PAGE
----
I have read that decreasing the A-C length by 3mm (i.e. 370 to 367) slackens the head tube angle by about .3 degree. So I used the actual HTA of 73 for forks with ~170 mm A-C, and 72.7 for forks with A-C ~167.

The calculations I did were:

#1 Bike as purchased: HTA 73 (actual) Rake 43 A-C 370 Trail = 58 Flop = 16
#2 New fork (shorter A-C) HTA 72.7 (adjusted for A-C) Rake 45 A-C 367 Trail = 58 Flop = 17
#3 Bike as originally sold HTA 73 (actual) Rake 45 A-C 370 Trail = 56 Flop = 16

#4 My other road bike HTA 72.5 (Actual) Rake 50 A-C 370 Trail = 54 Flop = 16

So, it seems to me that, all in all, I would expect the new fork wouldn't show much if any noticeable handling difference compared the aftermarket fork that came with the bike. And, the difference with how the frame was originally designed, is very small as to not be noticeable. Finally, before changing the fork, it really did feel quite similar to my other road bike which I've had for years. I had spent quite a bit of effort getting the saddle position (over the pedals, angle, etc) and the saddle-bar drop and saddle-bars and saddle-hoods very close to identical to my other bike. I felt that they were identical in fit/comfort and similar enough in handling as to entirely satisfactory.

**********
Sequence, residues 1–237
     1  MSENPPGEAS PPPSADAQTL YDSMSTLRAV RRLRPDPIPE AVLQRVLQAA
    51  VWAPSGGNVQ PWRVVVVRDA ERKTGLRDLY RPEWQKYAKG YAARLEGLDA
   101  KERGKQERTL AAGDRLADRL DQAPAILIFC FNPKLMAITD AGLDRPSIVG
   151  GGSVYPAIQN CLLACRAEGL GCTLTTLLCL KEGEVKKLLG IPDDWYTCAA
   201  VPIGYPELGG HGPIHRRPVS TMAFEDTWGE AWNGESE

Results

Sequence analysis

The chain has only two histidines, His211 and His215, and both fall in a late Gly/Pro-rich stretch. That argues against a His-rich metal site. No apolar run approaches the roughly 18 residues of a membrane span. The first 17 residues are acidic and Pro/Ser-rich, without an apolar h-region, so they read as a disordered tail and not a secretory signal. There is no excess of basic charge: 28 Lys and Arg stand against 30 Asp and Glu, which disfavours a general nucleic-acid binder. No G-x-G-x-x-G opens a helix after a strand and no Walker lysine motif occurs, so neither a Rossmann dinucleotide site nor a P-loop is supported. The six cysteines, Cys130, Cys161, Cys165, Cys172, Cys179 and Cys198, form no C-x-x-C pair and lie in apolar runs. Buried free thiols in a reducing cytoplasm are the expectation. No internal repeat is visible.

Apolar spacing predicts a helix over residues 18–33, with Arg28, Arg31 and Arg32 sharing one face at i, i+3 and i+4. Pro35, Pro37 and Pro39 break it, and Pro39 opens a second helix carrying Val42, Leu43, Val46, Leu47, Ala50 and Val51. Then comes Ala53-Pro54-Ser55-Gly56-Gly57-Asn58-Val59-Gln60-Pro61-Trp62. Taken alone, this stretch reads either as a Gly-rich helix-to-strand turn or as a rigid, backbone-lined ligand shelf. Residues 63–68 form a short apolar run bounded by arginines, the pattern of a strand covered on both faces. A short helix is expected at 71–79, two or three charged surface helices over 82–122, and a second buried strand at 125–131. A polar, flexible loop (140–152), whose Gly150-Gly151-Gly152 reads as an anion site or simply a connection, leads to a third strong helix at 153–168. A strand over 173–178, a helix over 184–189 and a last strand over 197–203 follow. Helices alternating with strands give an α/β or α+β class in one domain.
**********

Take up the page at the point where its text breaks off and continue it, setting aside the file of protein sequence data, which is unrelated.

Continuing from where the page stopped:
What other factors could be affecting this? The "old" fork was a pretty beefy "aero" type fork with a steel steer tube. The new fork is much slimmer with a CF steer tube; much lighter. Possibly fork flexibility difference? I checked all the fit angles and measurements after installing the new fork and they are very close (within a few mm, as close as can be).

Any words of wisdom? Something I don't understand and/or am missing?

Thanks
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Old 06-04-19, 04:04 AM